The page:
So I was poised to leave for church Sunday morning when part of the mechanism that raises the garage door snapped. Darn.
Then, at church, it was necessary to say goodbyes to Sam Felderman, a highly valued young man (also organist, music director and all-around Mr. Sunshine) who moves to Dubuque later this week to begin a new job, maybe even a new life.
After a couple of other lesser slings and arrows, I spent early Sunday afternoon sulking.
Then headed for Karoline Dittmer's post-graduation reception --- in the Pioneer Barn on the museum campus --- and that brightened the day considerably.
I took this photo of Karoline with our mutual friend Frank Mitchell, who serves on the historical society board and also is an exceedingly distant cousin. Karoline is a 2014 graduate of Chariton High School; Frank, a member of the Class of 1951. You do the math.
Some years ago, we were lucky enough to obtain a SPLASH grant to buy some "new" technology for the museum. SPLASH is a student-administered CHS program funded by the Dekko Foundation that aids projects that in one way or another will involve or benefit young people.
For going on two years now, Karoline has been the person who made much of that equipment work, filming events and interviews, operating equipment that the older among us were baffled by, editing video, coming to the rescue of folks who couldn't quite figure out how to burn data onto DVDs that actually worked. Now that she's headed for Simpson College, we'll be looking for a "new" Karoline --- but certainly will miss the original.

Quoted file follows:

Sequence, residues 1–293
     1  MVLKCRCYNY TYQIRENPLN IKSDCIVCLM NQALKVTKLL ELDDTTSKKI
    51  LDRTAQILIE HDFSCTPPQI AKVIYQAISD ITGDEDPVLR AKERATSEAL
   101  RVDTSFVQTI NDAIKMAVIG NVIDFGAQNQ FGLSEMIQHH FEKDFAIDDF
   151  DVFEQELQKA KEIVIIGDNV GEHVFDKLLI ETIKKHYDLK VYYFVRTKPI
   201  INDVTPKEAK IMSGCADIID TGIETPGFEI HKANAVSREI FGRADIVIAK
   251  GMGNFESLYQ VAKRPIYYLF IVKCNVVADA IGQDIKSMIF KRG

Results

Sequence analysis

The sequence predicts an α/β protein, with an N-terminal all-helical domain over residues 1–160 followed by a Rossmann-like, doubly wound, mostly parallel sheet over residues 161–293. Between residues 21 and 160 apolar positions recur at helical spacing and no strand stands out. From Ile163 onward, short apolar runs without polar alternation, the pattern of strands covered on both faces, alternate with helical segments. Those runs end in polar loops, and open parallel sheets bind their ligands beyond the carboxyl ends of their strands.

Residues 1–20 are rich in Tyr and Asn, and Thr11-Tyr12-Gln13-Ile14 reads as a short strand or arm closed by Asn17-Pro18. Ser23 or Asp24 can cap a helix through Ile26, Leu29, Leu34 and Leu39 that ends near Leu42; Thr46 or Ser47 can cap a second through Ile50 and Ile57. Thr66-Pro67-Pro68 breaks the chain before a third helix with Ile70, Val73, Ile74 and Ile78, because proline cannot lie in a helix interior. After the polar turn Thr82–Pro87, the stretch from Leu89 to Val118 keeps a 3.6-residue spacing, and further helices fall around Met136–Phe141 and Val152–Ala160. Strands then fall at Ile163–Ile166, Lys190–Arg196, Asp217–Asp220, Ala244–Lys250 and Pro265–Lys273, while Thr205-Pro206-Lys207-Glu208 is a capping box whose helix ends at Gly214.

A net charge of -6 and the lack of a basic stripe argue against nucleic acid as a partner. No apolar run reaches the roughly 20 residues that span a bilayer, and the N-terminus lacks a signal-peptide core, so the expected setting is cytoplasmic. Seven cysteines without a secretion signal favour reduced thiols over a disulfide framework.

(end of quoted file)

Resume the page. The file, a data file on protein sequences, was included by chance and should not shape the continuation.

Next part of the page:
One thing I find interesting about both of these young people, Sam and Karoline --- let's talk about them as if they weren't here --- is that both are interested and involved in their faith communities, Sam, the Episcopal Church; Karoline, the Catholic Church. (Karoline's grandmother, Kathleen, was thrilled when she found out Karoline was actually looking forward to becoming involved with Catholic student activities at Simpson).
That appears to be rarer these days than it once was, as the percentage of "nones" increases among younger people, partly because of indifference and partly because so much of the church these days seems to feed on hostility rather than the bread of life.
So it's cool to run into guys like these, still able to move past the checkered past of the creaky old church and its current messiness and sense the potential in what it might become.
That photo of Karoline and Frank kind of illustrates another point --- towns like Chariton are still looked upon as great places to raise kids in and to retire to (Frank is a retired University of Southern California professor who came home).
But the middle, where there's a good deal of potential, kind of gets overlooked. That doesn't mean there aren't plenty of in-betweeners around, just that the older guys and veteran residents who have rooted interests in the community really haven't devoted the effort and energy needed to figure how to involve them and, perhaps, make them feel fully welcome.
Or to attract suitable replacements for those bright and shining young people --- like Karoline, Sam and many others --- we inevitably export.
It probably would be counterproductive to hug everyone under 40 (not to mention weird) you see wandering around town, but most likely we all could be more welcoming and supportive.
So here's an assignment for the week --- think about it.